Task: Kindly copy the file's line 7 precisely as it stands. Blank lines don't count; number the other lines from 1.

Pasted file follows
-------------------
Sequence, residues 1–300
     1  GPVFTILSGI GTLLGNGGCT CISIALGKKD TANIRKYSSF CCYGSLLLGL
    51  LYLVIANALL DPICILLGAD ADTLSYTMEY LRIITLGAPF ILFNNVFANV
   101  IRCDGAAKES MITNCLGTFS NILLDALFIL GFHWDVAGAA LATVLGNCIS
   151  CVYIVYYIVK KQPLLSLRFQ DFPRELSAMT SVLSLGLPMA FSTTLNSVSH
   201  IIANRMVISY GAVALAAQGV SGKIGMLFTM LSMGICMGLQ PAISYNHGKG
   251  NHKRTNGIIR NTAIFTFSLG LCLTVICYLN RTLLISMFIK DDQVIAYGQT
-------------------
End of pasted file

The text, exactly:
   251  NHKRTNGIIR NTAIFTFSLG LCLTVICYLN RTLLISMFIK DDQVIAYGQT